At the end of the Elah Valley is the Bet Guvrin National Park.
The area has lots of limestone in the ground, but some harder rock I didn’t catch the name of on top. This means it’s just perfect for manmade caves.
My foot really isn’t like steps. Or bending, really, which is necessary for steps (the things you don’t realise until it hurts). So I only went far enough to see into the cave.
Can you believe it’s all hand-carved and all original, several thousand years old?
People used to live down here and breed pigeons down here.
Pigeonholes. Real pigeonholes, not metaphorical ones for books.
There were two other holes the others went down, but I refrained. I realised about this time that I was overdue for painkillers.
Yuval said this one was a lime factory. They quarried the limestone, and then either carved it into bricks or smashed it up to make lime to paint with.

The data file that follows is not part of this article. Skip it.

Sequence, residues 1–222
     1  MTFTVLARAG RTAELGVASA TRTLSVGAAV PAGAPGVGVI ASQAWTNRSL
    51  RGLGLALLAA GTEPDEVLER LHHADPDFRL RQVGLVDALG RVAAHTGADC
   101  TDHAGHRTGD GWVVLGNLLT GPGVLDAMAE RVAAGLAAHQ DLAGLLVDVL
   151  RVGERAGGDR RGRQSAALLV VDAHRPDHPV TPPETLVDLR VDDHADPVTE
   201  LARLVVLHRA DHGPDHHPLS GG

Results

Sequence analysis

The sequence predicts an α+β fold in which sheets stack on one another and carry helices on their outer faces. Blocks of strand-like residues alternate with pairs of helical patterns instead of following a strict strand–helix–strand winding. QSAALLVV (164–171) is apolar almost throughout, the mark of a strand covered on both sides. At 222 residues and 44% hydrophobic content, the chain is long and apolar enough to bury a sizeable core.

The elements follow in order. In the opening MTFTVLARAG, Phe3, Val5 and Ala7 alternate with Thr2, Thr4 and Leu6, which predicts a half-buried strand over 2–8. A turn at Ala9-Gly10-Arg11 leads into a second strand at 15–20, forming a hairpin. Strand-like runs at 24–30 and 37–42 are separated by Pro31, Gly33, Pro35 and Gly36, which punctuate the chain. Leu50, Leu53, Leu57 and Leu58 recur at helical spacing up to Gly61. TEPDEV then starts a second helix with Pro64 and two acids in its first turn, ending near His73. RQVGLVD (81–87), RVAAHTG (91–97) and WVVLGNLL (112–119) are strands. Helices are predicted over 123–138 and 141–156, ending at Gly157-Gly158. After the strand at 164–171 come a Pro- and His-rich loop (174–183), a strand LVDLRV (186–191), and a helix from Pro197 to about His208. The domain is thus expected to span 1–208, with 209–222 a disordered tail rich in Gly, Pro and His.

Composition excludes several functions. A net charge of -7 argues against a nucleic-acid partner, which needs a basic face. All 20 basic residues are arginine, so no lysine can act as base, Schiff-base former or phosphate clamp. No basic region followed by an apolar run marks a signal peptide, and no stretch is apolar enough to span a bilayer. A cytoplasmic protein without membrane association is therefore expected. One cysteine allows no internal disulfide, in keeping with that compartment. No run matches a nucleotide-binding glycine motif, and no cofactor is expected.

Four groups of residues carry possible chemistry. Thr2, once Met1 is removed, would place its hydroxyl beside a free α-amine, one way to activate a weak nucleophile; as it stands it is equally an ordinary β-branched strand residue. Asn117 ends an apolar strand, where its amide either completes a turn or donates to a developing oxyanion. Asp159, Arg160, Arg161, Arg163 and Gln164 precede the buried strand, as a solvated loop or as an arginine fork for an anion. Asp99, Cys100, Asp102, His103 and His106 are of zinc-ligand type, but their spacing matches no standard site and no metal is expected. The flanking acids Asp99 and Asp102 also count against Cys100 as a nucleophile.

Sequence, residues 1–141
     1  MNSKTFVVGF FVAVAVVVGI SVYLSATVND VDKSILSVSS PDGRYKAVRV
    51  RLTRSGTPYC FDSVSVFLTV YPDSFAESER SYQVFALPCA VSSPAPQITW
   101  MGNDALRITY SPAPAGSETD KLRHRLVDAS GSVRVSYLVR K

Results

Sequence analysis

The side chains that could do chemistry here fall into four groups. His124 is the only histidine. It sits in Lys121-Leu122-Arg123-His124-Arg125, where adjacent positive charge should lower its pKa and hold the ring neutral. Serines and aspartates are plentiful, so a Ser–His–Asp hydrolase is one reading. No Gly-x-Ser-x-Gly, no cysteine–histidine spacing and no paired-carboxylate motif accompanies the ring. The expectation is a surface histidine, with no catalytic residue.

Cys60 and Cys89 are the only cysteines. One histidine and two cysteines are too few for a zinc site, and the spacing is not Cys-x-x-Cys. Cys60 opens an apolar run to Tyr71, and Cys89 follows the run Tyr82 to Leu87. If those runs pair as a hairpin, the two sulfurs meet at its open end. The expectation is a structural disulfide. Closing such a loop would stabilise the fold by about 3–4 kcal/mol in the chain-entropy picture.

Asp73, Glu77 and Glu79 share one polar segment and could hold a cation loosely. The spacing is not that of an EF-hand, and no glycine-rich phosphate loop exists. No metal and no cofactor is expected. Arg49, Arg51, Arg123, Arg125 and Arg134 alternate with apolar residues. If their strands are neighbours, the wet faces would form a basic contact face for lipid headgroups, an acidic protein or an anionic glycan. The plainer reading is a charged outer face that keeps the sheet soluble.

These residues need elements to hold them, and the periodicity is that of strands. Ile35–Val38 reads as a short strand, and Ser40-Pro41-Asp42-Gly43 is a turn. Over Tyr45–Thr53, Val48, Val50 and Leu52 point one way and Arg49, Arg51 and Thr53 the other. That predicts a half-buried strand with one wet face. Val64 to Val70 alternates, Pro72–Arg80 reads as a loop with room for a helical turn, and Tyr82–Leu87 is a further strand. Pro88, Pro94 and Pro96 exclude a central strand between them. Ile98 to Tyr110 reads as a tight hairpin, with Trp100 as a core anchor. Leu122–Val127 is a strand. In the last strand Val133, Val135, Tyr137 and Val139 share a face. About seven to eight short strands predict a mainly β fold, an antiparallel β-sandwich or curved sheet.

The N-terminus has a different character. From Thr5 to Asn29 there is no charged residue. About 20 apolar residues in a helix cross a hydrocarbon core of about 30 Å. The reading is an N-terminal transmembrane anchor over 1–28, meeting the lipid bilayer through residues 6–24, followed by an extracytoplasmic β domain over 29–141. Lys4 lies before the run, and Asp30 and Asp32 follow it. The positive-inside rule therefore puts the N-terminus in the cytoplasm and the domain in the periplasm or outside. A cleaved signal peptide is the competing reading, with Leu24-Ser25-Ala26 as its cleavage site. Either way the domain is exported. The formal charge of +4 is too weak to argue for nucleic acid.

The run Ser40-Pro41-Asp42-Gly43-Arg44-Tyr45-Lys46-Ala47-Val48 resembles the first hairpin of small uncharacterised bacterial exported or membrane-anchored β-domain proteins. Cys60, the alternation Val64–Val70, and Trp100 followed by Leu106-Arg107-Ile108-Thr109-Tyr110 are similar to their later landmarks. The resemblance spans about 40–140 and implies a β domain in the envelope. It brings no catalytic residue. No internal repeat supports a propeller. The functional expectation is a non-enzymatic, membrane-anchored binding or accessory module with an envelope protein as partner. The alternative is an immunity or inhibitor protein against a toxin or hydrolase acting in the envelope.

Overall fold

I’m not sure what this hole in the ground was. Probably residential or something, given that it came out at the other end somewhere near the bus; Yuval warned that there would be a lot of steps, so I walked back towards the bus overland.
These rocks were places every hundred metres or so between the caves.
A limestone step with modern carvings.
A cautionary sign at the entrance to the footpath. Apparently some people who have “gone exploring” in the past have fallen into holes and only been discovered years later as skeletons. I don’t know how true that is, but it’s a chilling thought, that one might fall into a hole and die there, days or weeks later, from dehydration or starvation, with no-one knowing where you are.